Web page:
And so that is what I am looking for when I look at chatbots and we are going to talk about chatbots. We have built some interesting chatbots, both independently through text messaging and a lot of the text message chatbots that I see on the market are interesting, but they are not exactly innovative. It is like, here are your options, pick an option, move onto the next option. It is almost faster going to a dedicated mobile app or a website at that point. But we are seeing some folks in the insurance space and including some sophisticated carriers that are implementing chatbots, to answer questions about policies and to file claims, and give them a natural language interface.
There is some cool tech around voice chatbots. I have been following Google duplex pretty closely, and if you have not checked it out, it was almost a year ago, it has been a while ago by Google as a natural language voice interface to do whatever you want. They are driving both to use their assistant. And it was interesting. Before I came down here to record this, I was reading a new story that restaurants that are getting phone calls from Google duplex are starting to pick up on it and ignore them or hang up. They find it creepy. Their response was not that it was bad. Their response and why they hung up on these chatbots was that it was too good. It creeped them out that the robot was as good at speaking as a human would be. And this has been interesting.
There has been some interesting human backlash, so we are going to talk about that when we get the chatbots. The human side of this, how will people feel about talking to or chatting with robots, and there was some backlash the day after the Google duplex announcement when it first came out from people saying that it was too realistic because Google included little nuance like aha, which convinced the listener. And so, they have been identifying it as Google. The only reason they know it is Google is cause itself identifies and then they get angry because it is too human–like. To will be honest, I would not have pegged that as being a big response from a lot of people. But there you go. So, we are going to talk about the human side. We are also going look at the technology behind chatbots, both voice and texts, and where it can be used and where it is unnecessary.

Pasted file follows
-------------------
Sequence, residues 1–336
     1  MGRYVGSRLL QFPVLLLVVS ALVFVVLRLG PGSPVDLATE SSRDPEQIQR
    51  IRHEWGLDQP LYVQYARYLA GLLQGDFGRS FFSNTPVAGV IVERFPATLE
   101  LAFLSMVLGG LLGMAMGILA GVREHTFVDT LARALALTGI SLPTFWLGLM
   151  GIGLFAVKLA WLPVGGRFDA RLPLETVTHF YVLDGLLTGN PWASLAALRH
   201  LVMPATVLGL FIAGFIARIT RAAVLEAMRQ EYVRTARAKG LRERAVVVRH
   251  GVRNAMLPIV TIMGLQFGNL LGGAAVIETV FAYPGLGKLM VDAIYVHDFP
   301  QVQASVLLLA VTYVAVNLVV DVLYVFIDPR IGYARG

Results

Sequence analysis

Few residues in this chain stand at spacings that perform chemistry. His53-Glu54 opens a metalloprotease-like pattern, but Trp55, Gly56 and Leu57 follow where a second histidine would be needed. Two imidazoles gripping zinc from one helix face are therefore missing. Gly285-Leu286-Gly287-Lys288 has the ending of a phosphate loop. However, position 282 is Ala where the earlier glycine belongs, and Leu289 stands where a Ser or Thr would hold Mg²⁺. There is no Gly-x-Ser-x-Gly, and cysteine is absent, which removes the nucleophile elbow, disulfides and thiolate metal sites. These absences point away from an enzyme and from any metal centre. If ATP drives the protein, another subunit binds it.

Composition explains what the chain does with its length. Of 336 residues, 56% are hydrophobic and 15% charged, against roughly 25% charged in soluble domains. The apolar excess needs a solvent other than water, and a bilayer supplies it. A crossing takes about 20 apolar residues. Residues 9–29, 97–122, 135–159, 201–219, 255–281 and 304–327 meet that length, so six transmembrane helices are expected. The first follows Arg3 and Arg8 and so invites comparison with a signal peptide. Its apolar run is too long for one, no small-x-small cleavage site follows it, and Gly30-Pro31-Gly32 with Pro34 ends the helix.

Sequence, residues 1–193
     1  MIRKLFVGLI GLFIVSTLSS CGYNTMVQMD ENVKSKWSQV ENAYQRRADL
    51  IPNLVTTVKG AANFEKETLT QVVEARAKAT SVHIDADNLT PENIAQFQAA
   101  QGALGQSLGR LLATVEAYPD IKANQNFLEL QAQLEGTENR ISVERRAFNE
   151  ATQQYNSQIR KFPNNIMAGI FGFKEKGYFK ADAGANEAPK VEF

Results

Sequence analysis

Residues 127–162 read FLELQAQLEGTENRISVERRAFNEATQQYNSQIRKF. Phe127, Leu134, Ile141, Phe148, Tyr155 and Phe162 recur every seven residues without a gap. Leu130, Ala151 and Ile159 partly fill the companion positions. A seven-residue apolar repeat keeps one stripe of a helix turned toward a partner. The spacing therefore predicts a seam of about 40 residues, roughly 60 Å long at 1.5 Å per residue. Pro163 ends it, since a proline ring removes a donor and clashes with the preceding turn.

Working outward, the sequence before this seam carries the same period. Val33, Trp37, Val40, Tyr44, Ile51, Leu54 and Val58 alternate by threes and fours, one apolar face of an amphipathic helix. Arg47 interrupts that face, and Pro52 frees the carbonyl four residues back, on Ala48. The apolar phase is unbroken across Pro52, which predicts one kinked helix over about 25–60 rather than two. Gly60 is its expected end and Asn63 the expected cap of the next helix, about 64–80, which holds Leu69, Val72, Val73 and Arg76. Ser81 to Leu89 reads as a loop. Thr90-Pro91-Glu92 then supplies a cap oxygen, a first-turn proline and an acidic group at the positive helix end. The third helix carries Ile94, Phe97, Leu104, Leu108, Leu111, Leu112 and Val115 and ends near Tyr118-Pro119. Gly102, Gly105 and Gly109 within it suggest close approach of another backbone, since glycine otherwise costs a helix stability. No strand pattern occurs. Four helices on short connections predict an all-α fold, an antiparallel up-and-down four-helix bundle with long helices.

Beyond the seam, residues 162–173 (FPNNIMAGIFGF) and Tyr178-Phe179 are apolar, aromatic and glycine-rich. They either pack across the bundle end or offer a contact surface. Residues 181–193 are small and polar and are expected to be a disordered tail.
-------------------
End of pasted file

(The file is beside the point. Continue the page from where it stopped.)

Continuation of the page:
This is something that I say a lot, both in the company and outside that you can efficiently suck, and a chatbot could go to legitimately help you efficiently suck. You could be the worst interaction for your customer or your employees. Artificial intelligence and chat, you almost have to talk about those in a similar breath. True general AI does not necessarily exist yet. There are predictions that it will not exist for another 30 years or so. Who knows? It depends on who you talk to and how they box in general AI. If you are an old school sci-fi like me, and you saw 2001: A Space Odyssey, that was pretty close to general AI. You have a general use voice interface to talk and it can think and reason and make decisions. Of course, it went poorly in a little part of that movie. And there are other movies about that. It means science fiction likes to explore both the utopian and dystopian side of potential technology. AI though, when we speak about it, and this is an overused phrase right now in InsureTech, I am seeing a lot of people talk about AI and only a few people using components or specific forms of AI, like NLP, natural language processing, image recognition. They are using specific components.
So, we are going to be interviewing and talking to some people that are using this in real life. And another great Sci-Fi reference is Soylent green. Soylent green was made with people. A lot of AI is made of people. They are people that purport to be AI systems. I remember I signed up for, oh, I do not remember what it was. It was an AI assistant. I do not remember the name of it right now cause it has been a couple of years. But I found out after using this AI assistant, and sometimes it would be kind of laggy like it would take an hour for it to respond. To me when it was setting appointments and doing things for me. I would largely use this AI assistant for scheduling. And I found out that a significant portion of the interaction was being handled by human beings in the Philippines or somewhere who were chatting through this robotic interface. And so, it was AI’ish and they were trying to train it and get better, but it just was not game time yet.